They argue that people spend a lot of time taking actions that are not the best actions to take at that particular moment in time. The solution is to sit down at regular intervals and to place action items in some kind of rank order.
In 2Time, prioritizing is not a basic element.
Because prioritizing using some kind of number or ranking system is a waste of time.
Well, let’s look at what the activity of prioritizing actually entails. Most systems of prioritization are done to lists of time demands, and involve putting a label of some kind beside each item on the list. A user looks over a list of Time Demands at 4 p.m. on Friday, and decides to rank them in some manner. She gives some items an A, others a B, and others a C.
So, let us say that the user is at work and has the following items, to which she has placed the following priorities:
- A – Call Bob
- C – Send email for update on project
- B – Call Mary
- A – Pay power bill online
- C – Respond to Mike’s email
- B – Clean out drawer
As this is Friday afternoon, her list of time demands is short as she is going home in a few hours.
On Monday morning when she returns she notices that Bob has left her a voicemail, Mary has sent an email letting everyone know that she is on vacation, and that a rat has died in her drawer.
Being a diligent professional, she re-jiggers her list before ridding the drawer of the rat, and cleaning it out. She changes the priorities accordingly and starts to work on the drawer, which now has a ranking of “A”.
Once the drawer is cleaned out, she notices that an hour has past and remembers that she is due to meet Mike in 15 minutes. Once again, she re-jiggers her list, as she is VERY diligent, and changes the priority of the email to Mike to an “A”.
After the email, and the meeting, she sits back down with 5 new Time Demands. Before taking any actions, she re-jiggers her list (by now getting tired of her own diligence) and decides to change the priority of the power bill payment to a “C” because she realizes that her husband can drop the bill off on his way to work tomorrow.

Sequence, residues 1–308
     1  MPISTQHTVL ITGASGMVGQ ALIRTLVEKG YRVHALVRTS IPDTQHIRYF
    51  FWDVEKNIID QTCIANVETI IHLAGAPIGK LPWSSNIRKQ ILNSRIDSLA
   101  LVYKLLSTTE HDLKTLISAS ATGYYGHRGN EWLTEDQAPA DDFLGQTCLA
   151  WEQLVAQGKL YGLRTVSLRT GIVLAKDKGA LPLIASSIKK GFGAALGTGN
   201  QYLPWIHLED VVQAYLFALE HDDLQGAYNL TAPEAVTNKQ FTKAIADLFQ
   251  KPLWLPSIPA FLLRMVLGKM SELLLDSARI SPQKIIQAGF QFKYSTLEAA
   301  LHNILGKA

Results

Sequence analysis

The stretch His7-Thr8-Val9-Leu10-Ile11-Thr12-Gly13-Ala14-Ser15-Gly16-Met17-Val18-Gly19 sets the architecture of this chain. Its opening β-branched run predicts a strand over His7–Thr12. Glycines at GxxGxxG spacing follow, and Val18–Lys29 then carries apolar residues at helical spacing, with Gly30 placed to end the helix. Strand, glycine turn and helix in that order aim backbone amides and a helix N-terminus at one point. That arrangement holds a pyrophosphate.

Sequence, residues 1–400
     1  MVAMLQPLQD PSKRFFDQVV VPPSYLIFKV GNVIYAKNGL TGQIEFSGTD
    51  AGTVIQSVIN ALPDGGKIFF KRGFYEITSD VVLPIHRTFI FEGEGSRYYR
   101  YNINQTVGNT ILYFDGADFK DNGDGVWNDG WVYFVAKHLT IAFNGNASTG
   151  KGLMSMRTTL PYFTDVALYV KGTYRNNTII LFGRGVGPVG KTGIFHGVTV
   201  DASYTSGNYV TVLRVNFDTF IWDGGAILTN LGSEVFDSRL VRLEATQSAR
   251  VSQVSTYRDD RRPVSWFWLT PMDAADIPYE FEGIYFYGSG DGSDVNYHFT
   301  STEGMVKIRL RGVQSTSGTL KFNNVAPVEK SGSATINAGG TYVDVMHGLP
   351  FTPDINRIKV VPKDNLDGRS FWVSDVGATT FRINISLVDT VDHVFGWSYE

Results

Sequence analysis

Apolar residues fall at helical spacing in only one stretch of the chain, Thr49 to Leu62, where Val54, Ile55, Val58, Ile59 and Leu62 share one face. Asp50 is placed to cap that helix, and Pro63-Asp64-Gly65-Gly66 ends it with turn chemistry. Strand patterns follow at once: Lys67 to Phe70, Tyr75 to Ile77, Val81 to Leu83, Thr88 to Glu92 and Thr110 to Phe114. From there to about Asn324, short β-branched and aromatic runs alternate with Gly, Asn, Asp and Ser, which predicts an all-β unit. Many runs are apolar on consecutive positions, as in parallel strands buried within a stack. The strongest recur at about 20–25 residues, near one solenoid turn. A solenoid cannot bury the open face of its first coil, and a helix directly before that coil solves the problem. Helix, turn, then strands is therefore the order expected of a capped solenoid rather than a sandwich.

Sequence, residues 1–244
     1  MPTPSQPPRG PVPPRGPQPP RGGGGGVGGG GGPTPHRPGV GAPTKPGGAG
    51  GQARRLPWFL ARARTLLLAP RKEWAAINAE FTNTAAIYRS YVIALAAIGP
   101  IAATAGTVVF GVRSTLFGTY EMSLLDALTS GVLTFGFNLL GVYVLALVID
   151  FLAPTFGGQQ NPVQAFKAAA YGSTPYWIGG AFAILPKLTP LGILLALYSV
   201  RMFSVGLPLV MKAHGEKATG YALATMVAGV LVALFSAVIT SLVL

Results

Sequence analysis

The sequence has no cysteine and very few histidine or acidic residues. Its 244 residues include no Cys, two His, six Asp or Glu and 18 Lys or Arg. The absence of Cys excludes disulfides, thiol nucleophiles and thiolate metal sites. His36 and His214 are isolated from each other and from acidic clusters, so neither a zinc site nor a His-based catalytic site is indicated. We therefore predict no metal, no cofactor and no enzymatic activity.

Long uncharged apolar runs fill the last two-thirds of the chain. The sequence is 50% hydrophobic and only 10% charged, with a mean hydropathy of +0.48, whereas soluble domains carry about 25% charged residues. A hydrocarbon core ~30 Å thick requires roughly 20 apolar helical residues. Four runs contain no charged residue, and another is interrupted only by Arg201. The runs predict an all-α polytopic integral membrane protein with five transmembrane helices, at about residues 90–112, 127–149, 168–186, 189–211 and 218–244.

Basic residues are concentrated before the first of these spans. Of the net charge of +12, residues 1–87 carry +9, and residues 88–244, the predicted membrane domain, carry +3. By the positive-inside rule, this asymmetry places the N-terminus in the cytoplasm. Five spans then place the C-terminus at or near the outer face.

She starts to work on her email for the project update, when she gets an email from her husband reminding her that he is taking the day off tomorrow.
Now, she is just too damned tired of her own diligence to bother to change the priorities again, and she abandons her system altogether.
To put it bluntly, prioritizing is like window dressing – nice to have at times, but it serves no practical purpose, and it certainly does nothing to make someone more productive.
The reasons that sitting down to attach priorities to time demands doesn’t work are that:
- Life is too dynamic, and changes too fast for the action of prioritizing to keep up. In other words, the window dressing doesn’t last very long.
- Once priorities are set, they need to be reset over and over again when the context changes. Unfortunately, the context is always changing, so the diligent user is kept chained to their list of priorities.
- Whatever criteria they use to set the priority is never good enough. There are just too many variables to consider all at once, as time demands are complex creations that are created in the mind (and only in the mind) of the user of a time management system
Time demands, are by their nature, un-rankable in any meaningful way.
A 2Time user sets aside ranking systems, and treats them all as non-essential commentary. Instead,they focus on the 11 core elements.